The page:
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According to research by Housing Charity Shelter, “300,000 people are homeless in Britain”. The number escalates annually, often not the fault of those sleeping rough who have no home. Those who free themselves from homelessness are left with physical and mental scarring from being in constant danger, continually reminded of the struggles they faced. So why as a nation do we not offer the homeless sufficient support? Those living on the streets will face mental health issues, suffering ongoing stress trying to support themselves with what little they possess; literally other people’s loose change.
An alarming statistic indicates “72 in every 100 will suffer from mental health issues” (anxiety, depression, fear, loss of self-esteem/confidence). In addition, being homeless amplifies mental health illnesses or may have indeed caused them to become homeless. It can bring back or increase any previous / existing mental health issues. Sleeping rough brings you face to face with many scary and violent situations – leaving you traumatised – amplifying your stress and anxiety. Hence depression rates are over 10 times higher in the homeless population. With inadequate support, homeless people will never truly recover from their mental illness which may either have been manifested by or worsened by their “sleeping rough”experiences.
As well as suffering from mental illness their physical health is impaired from sleeping on cold, hard, uneven grounds or being used as a punch bag by drunk lager louts. They sleep anywhere; from the pavement to a shop doorway or even a park bench. Imagine, a doorway is your bedroom, your kitchen, your living-room and your bathroom all in one. Have you ever thought what it would be like on the streets for a night? Cold, Hungry, Painful. Just three physical symptoms of sleeping rough. In addition, sleep deprivation is a major problem.Try sleeping with the apprehension and constant threat of being attacked or robbed. Being assaulted for no reason exacerbates the problem, fights start over where to sleep or people taking what they have; a staggering “56 in 100 suffer from long-term physical health issues”.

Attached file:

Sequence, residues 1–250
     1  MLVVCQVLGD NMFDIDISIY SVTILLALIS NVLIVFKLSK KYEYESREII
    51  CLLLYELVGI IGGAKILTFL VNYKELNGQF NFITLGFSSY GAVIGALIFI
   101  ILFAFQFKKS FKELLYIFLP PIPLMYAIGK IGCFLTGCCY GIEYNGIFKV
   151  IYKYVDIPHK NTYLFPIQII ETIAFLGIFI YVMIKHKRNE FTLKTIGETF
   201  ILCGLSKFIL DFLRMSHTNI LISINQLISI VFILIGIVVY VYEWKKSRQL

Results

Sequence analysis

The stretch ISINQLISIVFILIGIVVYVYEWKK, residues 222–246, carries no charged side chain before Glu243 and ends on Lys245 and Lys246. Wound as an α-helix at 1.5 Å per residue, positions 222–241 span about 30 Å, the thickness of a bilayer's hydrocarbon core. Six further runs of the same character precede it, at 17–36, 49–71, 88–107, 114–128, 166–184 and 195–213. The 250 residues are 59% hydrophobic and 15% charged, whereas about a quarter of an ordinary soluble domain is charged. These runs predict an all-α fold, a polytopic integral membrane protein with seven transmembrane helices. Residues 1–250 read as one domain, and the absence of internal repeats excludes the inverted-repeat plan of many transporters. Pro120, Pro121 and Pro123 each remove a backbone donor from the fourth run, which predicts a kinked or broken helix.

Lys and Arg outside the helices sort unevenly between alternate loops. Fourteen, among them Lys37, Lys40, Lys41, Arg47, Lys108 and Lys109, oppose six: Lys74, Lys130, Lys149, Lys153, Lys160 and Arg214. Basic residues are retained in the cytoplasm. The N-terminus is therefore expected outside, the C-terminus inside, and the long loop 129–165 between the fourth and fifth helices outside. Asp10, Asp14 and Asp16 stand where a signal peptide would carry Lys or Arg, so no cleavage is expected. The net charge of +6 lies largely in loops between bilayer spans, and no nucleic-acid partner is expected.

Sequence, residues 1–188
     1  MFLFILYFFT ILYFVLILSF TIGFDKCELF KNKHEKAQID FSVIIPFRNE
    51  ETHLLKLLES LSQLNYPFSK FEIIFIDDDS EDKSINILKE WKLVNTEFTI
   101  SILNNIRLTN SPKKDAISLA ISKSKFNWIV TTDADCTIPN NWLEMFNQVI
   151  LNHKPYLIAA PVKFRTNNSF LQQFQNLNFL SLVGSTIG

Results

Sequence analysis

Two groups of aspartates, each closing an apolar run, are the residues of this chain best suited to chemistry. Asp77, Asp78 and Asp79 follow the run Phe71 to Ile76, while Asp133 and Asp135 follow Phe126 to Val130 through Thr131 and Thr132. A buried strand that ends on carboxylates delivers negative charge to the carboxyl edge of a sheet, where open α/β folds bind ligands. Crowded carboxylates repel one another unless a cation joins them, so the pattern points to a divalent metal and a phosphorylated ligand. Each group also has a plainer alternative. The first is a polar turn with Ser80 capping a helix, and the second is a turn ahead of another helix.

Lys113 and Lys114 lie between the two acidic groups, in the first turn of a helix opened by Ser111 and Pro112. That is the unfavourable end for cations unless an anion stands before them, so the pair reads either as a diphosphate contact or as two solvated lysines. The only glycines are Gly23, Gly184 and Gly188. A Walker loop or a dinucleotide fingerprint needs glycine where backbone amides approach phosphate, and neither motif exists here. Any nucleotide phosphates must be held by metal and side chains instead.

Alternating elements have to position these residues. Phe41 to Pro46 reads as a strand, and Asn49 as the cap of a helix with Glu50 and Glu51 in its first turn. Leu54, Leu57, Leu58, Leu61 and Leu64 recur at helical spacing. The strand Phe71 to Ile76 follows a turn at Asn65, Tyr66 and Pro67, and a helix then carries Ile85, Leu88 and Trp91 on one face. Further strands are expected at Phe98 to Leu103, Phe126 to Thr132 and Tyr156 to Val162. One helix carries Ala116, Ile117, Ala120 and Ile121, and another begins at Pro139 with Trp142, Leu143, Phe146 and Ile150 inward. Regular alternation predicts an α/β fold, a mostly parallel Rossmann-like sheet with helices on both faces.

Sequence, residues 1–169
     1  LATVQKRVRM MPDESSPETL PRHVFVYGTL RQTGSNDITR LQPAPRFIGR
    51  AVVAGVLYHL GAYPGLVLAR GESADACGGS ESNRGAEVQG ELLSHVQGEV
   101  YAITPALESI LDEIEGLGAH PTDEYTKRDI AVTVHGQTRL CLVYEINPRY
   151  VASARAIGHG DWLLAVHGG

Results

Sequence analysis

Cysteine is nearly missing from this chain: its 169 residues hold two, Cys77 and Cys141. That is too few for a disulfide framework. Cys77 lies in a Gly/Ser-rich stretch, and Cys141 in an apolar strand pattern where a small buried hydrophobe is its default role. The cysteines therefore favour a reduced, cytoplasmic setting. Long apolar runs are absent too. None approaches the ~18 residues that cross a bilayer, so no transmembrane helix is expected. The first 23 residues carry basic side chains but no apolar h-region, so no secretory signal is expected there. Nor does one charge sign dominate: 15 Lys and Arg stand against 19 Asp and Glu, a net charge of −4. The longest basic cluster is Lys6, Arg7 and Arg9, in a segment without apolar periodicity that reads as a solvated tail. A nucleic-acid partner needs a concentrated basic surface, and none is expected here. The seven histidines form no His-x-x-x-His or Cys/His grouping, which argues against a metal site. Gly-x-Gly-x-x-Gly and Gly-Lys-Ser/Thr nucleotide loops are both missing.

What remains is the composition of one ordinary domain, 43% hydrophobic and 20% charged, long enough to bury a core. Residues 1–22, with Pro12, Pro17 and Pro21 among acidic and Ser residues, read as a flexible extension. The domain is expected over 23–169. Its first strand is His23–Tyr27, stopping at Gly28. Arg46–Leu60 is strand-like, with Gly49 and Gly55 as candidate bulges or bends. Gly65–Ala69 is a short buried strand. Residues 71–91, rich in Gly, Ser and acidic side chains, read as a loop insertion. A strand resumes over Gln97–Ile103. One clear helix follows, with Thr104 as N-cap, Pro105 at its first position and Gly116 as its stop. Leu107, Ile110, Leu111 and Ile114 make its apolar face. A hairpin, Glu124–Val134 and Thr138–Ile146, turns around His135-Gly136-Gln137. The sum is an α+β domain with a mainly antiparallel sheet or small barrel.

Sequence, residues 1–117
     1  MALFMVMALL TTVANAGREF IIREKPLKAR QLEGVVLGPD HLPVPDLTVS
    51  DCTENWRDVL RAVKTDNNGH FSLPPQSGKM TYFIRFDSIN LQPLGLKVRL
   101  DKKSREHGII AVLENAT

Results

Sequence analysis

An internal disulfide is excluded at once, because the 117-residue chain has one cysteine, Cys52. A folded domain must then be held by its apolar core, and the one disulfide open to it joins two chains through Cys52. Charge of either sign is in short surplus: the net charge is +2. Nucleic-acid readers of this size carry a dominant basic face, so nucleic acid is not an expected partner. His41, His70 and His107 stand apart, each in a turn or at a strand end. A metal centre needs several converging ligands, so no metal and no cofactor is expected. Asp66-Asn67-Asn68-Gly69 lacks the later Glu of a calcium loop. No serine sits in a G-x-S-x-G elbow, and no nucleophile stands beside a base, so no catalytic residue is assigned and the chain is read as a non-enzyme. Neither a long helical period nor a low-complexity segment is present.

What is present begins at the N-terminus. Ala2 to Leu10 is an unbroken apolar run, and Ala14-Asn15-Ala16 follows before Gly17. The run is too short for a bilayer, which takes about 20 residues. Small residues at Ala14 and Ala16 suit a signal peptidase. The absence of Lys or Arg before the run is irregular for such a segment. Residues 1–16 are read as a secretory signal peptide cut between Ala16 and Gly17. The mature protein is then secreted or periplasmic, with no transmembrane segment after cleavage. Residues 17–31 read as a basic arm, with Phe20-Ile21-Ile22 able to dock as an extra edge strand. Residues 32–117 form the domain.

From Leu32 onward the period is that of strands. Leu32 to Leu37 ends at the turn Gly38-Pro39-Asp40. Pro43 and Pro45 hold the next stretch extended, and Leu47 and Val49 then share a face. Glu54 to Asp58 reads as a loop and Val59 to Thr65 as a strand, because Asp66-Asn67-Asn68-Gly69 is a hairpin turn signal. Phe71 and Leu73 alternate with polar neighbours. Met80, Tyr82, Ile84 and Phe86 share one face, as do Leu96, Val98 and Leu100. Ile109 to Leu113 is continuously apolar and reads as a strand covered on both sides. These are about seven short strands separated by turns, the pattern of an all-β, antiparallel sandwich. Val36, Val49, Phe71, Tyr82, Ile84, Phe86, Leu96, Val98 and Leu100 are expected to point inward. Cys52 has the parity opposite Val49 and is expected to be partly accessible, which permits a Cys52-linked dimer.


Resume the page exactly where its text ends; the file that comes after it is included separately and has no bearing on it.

Night time is the worst for homeless people – Dangerous, Damp, No sleep – literally fighting for survival from dusk till dawn. The homeless have insufficient medical attention, unable to seek assistance without an address. Doctors should tend to the homeless, with regular emotional and physical check-ups reducing deterioration to their health later in life. Once homeless little outside help is provided, and in seeking guidance from the aid available they face discrimination and lack of compassion.Where family is not the reason for homelessness, family members could be supportive offering a temporary place to sleep until they get back on their feet. If relying on family is not possible a social worker could be responsible for their care, helping to find accommodation and offering financial support. Searching for employment at the Jobcentre is hard without an address as you can’t claim job seekers allowance; without employment how can we possibly expect to eradicate homelessness?